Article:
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Hospitals Use Different Approaches to Reduce ED Wait Times

While delays in obtaining ED care have become common, hospitals are taking steps to speed throughput and improve services.

“We don’t want people waiting in our waiting rooms,” says Mary Jo Stark, RN, MS, CEN, emergency services nursing director at Peconic Bay Medical Center in Riverhead, N.Y. “It’s not good for patients. It’s not good for business. It’s a big patient dissatisfier, and it’s dangerous.”

The U.S. General Accountability Office reports that emergent patients — those who needed to be seen within 14 minutes — waited an average of 37 minutes for care in 2006. The Centers for Disease Control and Prevention National Center for Health Statistics indicates there were 199.2 million visits to hospital EDs that year, with demand growing steadily since 1996 at about 3.2% a year.

Maryann McLaughlin, RN

Hospitals have attacked the complex wait-time problem by establishing multidisciplinary teams and securing leadership support. Northern Westchester Hospital in Mount Kisco, N.Y., spent nine months reviewing and overhauling its processes. Holy Name Medical Center in Teaneck, N.J., also analyzed the entire process and fostered a culture change. Now everyone in the facility shares responsibility for throughput.

“It’s a lot of small process changes that help the big picture,” says Maryann McLaughlin, RN, CEN, unit director of the ED at Holy Name.

Improving Arrivals

Cathy Cioffi, RN

Collaboration with emergency medical services has helped some facilities improve wait times. Englewood (N.J.) Hospital and Medical Center has given EMS companies the charge nurse’s phone number. She assigns a room, and EMS takes the patient directly to that bed, says Terry Bertolotti, RN, MSN, CEN, patient care director of the Englewood ED.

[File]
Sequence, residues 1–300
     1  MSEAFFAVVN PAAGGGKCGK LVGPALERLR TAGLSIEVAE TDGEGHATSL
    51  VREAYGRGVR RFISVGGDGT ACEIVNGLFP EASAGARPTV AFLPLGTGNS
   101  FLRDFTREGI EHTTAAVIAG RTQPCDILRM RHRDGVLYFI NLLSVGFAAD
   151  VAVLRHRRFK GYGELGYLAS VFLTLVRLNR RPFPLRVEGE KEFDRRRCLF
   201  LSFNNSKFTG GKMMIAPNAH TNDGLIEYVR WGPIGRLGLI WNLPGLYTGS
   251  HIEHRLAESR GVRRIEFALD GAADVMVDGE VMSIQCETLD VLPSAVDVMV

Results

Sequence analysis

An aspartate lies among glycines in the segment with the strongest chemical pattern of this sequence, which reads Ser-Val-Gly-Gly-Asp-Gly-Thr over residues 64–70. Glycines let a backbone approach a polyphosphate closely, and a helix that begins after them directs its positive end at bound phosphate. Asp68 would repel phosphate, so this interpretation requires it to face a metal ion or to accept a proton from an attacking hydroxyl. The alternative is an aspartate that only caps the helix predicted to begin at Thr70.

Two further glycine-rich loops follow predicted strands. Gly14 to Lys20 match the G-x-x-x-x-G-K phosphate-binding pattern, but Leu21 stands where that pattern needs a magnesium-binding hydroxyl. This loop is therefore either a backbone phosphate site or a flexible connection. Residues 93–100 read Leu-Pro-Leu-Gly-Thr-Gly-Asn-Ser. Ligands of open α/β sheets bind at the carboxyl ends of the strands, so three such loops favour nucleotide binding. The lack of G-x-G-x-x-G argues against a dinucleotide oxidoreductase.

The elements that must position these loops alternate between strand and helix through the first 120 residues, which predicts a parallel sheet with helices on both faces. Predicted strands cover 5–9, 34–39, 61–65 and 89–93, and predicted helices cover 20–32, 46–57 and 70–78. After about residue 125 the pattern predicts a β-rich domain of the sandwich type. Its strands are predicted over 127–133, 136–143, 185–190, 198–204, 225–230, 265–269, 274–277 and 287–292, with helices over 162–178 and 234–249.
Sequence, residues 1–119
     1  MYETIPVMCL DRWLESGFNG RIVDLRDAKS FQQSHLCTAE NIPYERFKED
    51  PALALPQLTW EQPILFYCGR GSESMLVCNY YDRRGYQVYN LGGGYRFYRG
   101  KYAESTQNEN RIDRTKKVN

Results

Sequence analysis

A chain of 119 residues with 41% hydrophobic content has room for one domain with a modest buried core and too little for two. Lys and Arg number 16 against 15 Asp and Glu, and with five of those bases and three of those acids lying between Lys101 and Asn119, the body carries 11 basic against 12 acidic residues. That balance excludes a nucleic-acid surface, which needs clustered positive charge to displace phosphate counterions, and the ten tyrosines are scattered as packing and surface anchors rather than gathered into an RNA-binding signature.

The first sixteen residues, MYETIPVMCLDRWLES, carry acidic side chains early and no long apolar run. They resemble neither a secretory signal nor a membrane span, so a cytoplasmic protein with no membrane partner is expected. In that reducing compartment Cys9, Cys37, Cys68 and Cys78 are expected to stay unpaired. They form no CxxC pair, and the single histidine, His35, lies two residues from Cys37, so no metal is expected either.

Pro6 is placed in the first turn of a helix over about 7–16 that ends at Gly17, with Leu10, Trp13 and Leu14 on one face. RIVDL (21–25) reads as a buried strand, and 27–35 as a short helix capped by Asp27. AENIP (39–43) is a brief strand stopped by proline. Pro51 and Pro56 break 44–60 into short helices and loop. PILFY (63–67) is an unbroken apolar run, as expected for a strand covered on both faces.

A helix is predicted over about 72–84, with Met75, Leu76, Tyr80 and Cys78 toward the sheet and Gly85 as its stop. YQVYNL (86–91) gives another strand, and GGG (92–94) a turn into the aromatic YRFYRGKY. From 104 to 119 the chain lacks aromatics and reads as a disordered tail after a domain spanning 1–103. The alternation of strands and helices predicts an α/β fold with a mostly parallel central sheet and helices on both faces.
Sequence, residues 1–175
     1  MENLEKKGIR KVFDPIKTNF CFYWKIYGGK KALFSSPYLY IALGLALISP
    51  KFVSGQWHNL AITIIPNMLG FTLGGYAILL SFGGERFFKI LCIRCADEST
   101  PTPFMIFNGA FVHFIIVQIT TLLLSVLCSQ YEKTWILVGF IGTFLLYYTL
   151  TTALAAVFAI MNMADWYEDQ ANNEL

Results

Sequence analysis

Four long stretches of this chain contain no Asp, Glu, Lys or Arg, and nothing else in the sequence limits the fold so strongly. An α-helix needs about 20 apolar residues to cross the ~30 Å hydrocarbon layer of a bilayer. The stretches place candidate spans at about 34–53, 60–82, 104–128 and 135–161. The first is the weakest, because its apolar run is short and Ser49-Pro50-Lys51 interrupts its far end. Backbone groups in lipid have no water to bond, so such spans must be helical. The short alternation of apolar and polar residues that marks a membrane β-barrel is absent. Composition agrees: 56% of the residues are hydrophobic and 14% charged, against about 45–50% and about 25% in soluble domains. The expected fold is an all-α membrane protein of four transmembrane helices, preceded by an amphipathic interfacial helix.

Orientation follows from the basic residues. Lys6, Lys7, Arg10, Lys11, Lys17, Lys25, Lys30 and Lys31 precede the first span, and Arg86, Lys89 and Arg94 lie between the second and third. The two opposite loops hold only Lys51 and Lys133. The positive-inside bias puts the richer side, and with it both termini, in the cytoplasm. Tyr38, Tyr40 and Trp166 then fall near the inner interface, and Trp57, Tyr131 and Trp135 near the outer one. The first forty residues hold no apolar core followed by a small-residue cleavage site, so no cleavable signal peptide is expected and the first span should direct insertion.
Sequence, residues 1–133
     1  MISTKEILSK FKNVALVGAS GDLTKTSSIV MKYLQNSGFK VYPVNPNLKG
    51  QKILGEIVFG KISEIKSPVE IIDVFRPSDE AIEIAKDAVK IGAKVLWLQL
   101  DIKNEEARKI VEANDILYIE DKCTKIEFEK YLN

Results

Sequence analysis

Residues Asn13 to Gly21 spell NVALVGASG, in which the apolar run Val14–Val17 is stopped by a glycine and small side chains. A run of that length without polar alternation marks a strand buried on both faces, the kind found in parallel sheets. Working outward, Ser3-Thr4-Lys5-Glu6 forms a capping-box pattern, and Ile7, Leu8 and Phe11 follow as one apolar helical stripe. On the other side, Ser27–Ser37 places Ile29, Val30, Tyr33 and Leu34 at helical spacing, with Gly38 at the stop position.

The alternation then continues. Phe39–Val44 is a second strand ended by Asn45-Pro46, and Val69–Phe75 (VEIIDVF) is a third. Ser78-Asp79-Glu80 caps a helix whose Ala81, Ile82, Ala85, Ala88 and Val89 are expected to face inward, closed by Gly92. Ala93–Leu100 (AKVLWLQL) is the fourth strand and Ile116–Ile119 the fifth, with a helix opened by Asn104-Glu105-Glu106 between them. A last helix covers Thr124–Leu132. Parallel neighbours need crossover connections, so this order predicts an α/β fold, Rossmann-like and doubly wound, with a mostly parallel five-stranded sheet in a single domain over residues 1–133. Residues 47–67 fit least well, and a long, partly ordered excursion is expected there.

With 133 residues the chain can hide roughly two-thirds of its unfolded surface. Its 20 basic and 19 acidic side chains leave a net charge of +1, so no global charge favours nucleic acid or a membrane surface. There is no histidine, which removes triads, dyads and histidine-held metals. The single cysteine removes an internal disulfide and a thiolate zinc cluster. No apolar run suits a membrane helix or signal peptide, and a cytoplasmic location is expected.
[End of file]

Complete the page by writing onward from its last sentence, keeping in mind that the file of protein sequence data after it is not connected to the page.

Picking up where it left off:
Newark (N.J.) Beth Israel Medical Center has placed a well-seasoned “greeter nurse” in the waiting room to manage waiting patients, reassess patients as needed and place those needing immediate care into the treatment area.

“The first day we had the greeter nurse, we picked up a 48-year-old patient having a silent MI,” says Mairead O’Regan, RN, administrative director for the ED and logistics department at Newark Beth Israel. “It was only because there was a clinical person there, drilling down with questions, that we were able to pick that up.”

Nancy Kostel-Donlon, RN

St. Francis Hospital in Roslyn, N.Y., has placed a security greeter in the waiting room to note arrival time, and it benchmarks to that time. Care managers at the hospital address placement and social issues and call the team’s attention to those problems during daily meetings.

“The focus is on the patient experience,” says Nancy Kostel-Donlon, RN, MSN, CCRN, CEN, CPAN, BC, nurse manager of the ED at St. Francis. “We practice a relationship-based care model.”

At Peconic Bay Medical Center, nurses bring patients directly back into the ED and triage them in the bed. “That cuts off the front-end experience, which can be a bottleneck,” Stark says.